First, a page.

Sunday, 13 January 2013

Postcards from Signal Hill

Signal Hill 12Even though I am a bayman (someone not from St. John's), I have spent a lot of time in Town (St. John's), yet I had never watched the Signal Hill Tattoo. The Tattoo is an annual summer event, and this past summer I decided to finally stop by and take in the spectacle.

The Tattoo has been around since 1967 and takes place on O’Flaherty Field, where fortifications have been in place since the War of the Spanish Succession (1702-1713). The Tattoo is performed by the Grenadier Company of the Royal Newfoundland Regiment of Foot, the Royal Regiment of Artillery, and the Drums of the Royal Newfoundland Regiment of Foot.

For those of you not familiar with St. John's, I should first place the location of the Tattoo. It is held high up on Signal Hill overlooking St. John's harbour. Historically, anyone looking to send ships in and out of the harbour had to control these heights. It is the site of the last battle of the Seven Years War in North America, when the French surrendered St. John's to the British. It is also the site of the first transatlantic wireless transmission, received by Guglielmo Marconi.

Every city has its tourist sites that are photographed over and over. In St. John's, Cabot Tower, which sits atop Signal Hill is one. It is so heavily photographed, that it has become synonymous with the Hill, just as Big Ben, which is the bell inside the tower, has come to be synonymous with Clock Tower (now called Elizabeth Tower) in London. The challenge for a photographer is to make an image of a landmark that is recognizable, yet has a different perspective. I set out to do this by going to the opposite side of the harbour with my monster 300mm telephoto lens. I lucked out with fog and heavy clouds rolling in on the ocean side of the hill making a backdrop for Cabot Tower, which was still lit by the sun.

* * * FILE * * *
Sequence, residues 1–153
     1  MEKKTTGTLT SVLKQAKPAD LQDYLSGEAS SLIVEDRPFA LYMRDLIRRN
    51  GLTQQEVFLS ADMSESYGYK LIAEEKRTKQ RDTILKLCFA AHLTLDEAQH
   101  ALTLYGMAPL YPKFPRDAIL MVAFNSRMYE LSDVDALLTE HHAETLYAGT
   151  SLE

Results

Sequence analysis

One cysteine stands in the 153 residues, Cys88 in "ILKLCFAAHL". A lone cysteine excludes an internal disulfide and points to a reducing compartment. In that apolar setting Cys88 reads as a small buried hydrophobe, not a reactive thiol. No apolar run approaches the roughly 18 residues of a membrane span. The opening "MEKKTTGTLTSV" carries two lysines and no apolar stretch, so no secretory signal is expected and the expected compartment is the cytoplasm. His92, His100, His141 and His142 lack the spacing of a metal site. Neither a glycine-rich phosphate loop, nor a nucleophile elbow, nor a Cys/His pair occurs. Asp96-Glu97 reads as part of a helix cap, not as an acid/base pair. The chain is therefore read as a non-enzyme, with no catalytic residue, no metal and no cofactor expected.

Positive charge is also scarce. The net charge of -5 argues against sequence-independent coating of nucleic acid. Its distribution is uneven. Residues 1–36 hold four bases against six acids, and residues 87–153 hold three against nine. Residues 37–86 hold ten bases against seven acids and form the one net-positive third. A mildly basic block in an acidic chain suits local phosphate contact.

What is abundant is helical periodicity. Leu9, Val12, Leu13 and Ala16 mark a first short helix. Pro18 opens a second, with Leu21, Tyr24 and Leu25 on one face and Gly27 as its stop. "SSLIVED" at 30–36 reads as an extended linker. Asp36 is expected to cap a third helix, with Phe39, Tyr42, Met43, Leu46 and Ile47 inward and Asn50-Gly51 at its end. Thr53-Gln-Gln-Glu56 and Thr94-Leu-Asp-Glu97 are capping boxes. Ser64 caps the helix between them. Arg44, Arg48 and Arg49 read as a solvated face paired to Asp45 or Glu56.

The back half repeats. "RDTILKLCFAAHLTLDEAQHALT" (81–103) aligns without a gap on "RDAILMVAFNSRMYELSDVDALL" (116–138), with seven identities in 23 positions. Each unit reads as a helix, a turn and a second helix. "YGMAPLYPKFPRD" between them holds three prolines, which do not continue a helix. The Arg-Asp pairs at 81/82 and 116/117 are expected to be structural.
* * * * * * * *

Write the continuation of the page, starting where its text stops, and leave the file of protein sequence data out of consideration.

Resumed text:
Signal Hill 12

A high resolution version of this image is on my web gallery, where it is also available to purchase as a fine art print.


The Tattoo is staffed by high school students, both men and women, which I think is an acceptable historical inaccuracy. Not that women didn't fight as British soldiers. Many did, but they had to disguise themselves, as I wrote about in this blog article.

Signal Hill 3


The Tattoo is an exhibit of 18th century British military maneuvers using period equipment, albeit with a few more historical inaccuracies such as protective eye and ear wear. In one part of the exhibit, one side poses as attackers on the low ground, firing uphill at the defenders.

Signal Hill 5

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Signal Hill 20


In this re-enactment, the Tattoo places the defenders uphill with both rifles and cannon to repel the attack.

Signal Hill 4

Signal Hill 2

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As in real life, no matter what is happening, the band plays on.

Signal Hill 1


I thought I would close this post with some other "alternate" views of Signal Hill. I took this image of Cabot Tower from across the Narrows up at the top of Deadman's Bay Path. The extreme close up is courtesy of the 300mm lens, plus a 1.5 times teleconverter.

Signal Hill 22


Taken from almost the same spot, but a bit later and with a different lens, is this shot showing the rolling rock that is almost wave-like in appearance. How suitable for the first rock that ocean waves encounter this side of Galway.

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And finally, this shot is looking back at the Narrows and Signal Hill from a point on Deadman's Path just outside of Blackhead. The specks on the water are fishing boats. The speck on the hill on the right is Cabot Tower.

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Many of my images from Newfoundland are available to purchase as fine art prints from my web gallery.

If you would like to read some of my other posts about Newfoundland, click here and use the "Older" and "Newer" links at the bottom to scroll through the posts.


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